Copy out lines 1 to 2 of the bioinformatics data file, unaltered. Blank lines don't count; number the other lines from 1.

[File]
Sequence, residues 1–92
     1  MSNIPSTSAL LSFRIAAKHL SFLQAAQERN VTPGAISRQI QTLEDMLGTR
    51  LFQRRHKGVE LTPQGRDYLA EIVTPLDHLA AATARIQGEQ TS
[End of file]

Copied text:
Sequence, residues 1–92
     1  MSNIPSTSAL LSFRIAAKHL SFLQAAQERN VTPGAISRQI QTLEDMLGTR